austin_dern (austin_dern) wrote,

All these lovely-colored things are waiting for tomorrow

In late 1961 we got predictions for what life would be like a half-century hence from some of the greatest futurists of the time. Let's check how accurate they were.

  • Matter will become more efficient with streamlined atoms lacking unnecessary pieces. Partially Correct: ever since the replacement of neutrinos with electron neutrinos in 1987 atoms have been nearly half of a percent faster, although many still complain they can tell the difference in taste. This is self-delusion; blind taste tests show they can't tell the difference in taste, which is odd, as the difference in feel is unmistakable.
  • Baseball will have three major leagues, but to avoid friction with the American and National Leagues the third will disguise itself as a basketball league. Correct: The projection failed to account for the second basketball league disguising itself as the American Football Conference West division, however.
  • As the result of a Presidential Election the United Still will elect and inaugurate a president. Correct: One suspects they were padding their success counts, however.
  • A tenth planet will be discovered, and will turn out to be in the last place we looked. Incorrect: We checked in outer space first and sure enough, there it was.
  • The dead will continue to envy the living. Undetermined: We tried to quiz the dead, but every time we got to the outskirts of the Greater Hades Metropolitan Statistical Area, along would come Cerberus and bite us in triplicate. So we have to declare this one indeterminate, although we should note that apparently Cerberus was free to come after us as opposed to dealing with stuff over all the rest of the perimeter of the Greater Hades Metropolitan Statistical Area, so they're clearly not preoccupied with a lot of escape attempts.
  • No one will yet have heard of musical group Howard Miller And The Millstones. Correct: But this one feels like an in-joke that shouldn't have been printed.
  • Great Britain will exchange her monarch for a good-sized grandfather's clock with an attachment that makes colorful birds pop out at certain hours as a less troublesome head of state. Partially Correct: During his second term as Prime Minister, Harold Wilson negotiated the replacement of Queen Elizabeth II with a clock just as described. However, arguments about whether Wilson could afford a new color TV set so as to be able to see the Good-Sized Grandfather Clock's annual Christmas message in color --- and the verdict that they probably couldn't afford it for 1974 --- prompted Wilson to call the whole thing off as ``not worth it''.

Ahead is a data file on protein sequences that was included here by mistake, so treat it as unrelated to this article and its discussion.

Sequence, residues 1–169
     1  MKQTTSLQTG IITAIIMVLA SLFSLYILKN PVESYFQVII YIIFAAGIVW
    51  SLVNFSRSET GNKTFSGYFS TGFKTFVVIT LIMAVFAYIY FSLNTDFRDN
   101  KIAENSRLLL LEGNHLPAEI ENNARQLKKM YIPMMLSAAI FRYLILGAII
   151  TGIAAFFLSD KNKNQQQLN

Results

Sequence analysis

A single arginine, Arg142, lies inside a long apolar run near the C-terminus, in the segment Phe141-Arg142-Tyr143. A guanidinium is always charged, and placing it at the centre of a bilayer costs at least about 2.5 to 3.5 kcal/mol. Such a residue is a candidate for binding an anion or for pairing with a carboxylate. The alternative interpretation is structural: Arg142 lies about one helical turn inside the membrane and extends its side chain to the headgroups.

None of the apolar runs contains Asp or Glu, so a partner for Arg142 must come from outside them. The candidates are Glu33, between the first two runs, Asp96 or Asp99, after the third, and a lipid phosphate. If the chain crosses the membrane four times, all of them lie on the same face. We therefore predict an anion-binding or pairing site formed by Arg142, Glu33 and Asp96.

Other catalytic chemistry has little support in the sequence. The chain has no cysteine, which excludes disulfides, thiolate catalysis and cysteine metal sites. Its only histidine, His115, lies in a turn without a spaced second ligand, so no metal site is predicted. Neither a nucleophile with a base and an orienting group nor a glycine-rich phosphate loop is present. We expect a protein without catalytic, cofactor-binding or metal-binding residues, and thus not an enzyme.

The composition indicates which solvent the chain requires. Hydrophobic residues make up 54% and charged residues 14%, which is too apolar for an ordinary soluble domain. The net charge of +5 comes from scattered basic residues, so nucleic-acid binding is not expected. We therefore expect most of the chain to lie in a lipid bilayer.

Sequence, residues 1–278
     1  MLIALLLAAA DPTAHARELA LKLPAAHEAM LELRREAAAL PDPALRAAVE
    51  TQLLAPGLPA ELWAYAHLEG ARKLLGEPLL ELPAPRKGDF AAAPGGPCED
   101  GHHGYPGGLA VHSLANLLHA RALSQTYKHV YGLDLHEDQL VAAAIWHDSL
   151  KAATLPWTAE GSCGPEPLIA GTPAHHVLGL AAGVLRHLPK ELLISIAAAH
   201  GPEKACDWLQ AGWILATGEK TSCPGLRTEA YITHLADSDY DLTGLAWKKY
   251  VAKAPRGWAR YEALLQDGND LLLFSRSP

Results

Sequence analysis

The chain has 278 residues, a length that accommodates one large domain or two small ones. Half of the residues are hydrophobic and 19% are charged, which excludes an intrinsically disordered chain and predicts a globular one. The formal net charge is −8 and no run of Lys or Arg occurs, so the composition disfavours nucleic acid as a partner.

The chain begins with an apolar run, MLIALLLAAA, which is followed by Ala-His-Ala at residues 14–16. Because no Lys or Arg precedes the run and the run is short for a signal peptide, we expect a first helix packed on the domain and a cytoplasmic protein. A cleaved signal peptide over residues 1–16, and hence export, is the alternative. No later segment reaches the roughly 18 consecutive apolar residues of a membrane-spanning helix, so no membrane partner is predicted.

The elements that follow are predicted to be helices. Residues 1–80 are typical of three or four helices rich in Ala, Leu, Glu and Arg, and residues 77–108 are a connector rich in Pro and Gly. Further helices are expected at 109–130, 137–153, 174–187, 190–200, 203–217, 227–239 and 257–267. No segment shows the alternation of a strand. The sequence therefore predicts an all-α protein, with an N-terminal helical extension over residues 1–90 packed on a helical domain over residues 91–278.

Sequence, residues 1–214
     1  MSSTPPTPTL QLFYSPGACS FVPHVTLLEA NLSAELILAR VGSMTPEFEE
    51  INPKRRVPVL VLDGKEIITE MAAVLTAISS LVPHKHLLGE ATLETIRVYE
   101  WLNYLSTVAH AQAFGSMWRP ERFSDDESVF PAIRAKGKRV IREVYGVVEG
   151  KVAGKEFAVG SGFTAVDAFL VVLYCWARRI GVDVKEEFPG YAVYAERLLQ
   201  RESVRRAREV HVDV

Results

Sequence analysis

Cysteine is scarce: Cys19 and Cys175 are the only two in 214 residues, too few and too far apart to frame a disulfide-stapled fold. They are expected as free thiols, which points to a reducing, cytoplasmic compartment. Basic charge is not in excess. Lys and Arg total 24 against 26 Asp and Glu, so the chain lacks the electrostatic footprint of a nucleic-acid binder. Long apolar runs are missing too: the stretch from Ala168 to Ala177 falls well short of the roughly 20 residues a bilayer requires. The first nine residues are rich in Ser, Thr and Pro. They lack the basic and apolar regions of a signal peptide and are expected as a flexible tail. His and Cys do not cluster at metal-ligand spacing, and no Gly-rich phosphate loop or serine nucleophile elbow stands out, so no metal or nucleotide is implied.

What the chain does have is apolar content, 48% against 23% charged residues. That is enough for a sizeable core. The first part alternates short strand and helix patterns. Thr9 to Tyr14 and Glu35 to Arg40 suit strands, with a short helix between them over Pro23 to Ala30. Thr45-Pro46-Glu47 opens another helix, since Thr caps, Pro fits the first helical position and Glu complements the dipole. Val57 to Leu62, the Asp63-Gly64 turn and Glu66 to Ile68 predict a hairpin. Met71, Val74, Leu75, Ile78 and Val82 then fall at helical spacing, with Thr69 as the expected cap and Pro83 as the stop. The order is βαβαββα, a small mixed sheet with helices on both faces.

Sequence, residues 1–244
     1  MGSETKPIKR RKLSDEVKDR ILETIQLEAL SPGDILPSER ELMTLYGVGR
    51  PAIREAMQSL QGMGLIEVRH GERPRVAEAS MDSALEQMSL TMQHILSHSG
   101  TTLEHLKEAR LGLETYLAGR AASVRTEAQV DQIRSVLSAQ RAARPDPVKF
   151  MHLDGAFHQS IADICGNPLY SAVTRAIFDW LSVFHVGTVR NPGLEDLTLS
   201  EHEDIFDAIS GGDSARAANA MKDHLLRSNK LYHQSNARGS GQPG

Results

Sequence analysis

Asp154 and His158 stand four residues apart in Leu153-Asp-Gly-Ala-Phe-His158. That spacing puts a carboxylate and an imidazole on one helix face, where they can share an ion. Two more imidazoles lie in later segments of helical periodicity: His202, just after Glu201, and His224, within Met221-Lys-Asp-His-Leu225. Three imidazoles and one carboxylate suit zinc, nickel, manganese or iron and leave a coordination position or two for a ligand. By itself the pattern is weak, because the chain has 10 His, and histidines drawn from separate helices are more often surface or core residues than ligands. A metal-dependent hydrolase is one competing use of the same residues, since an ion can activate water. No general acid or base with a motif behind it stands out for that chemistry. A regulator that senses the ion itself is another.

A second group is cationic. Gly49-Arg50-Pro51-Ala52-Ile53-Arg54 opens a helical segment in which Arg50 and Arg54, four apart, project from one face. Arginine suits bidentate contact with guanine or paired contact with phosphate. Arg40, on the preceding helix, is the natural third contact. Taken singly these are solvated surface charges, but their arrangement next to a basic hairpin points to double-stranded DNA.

• New television channels will be discovered in the gaps between current stations. Incorrect: While the channels exist, they're all showing reruns of Police Story or The Cisco Kid or stuff.
  • Efforts to simplify English will reach the point that where now we use adverbs, people of 2011 will swat people with books. Undetermined: While we have made great strides in replacing words with battery, it is unclear whether the original prediction meant using books to swat people or swatting the people who had books.
  • Worldwide mustard distribution problems will be unimaginable. Correct: We don't even understand what this is supposed to be about.
  • Paper will disintegrate more rapidly the less interesting the materials written on it are. Incorrect: Possibly the worst miss of this batch. We now know paper becomes more indestructible the duller its content is, and worse, it breeds. This is why that drawer where you just dropped in a few important papers last tax season is now stuffed full of what turn out to be faded copies of Subway sandwich coupons expiring in September 2008.
  • A movie or TV show will portray a ventriloquist other than Edgar Bergen as not crazy. Incorrect: One episode of the 1980s Twilight Zone appeared to show a sane ventriloquist, but it turned out to be a glitchy computer simulation for an interstellar colony ship's cryogenically hibernating passengers.
  • The average person will encounter computers five times per day, but only enjoy two of them. Correct: Based on medical records of punching-related injuries people slug about one in five computers each day, and are displeased with two more of them.

Trivia: Until 1795 the British navy still relied upon whatever maps and charts its ship captains could find, buy, or make themselves. Orders in Council that year established a hydrography office to distribute standardized accurate maps. Source: To Rule The Waves: How The British Navy Shaped The Modern World, Arthur Herman.

Currently Reading: The Fleet The Gods Forgot: The US Asiatic Fleet In World War II, W G Winslow. They may not be stories of great military significance, but it's one story after another of survival against outrageous odds, including journeys many thousands of miles in lifeboats or not much more evading enemy planes and ships that's ... amazing.


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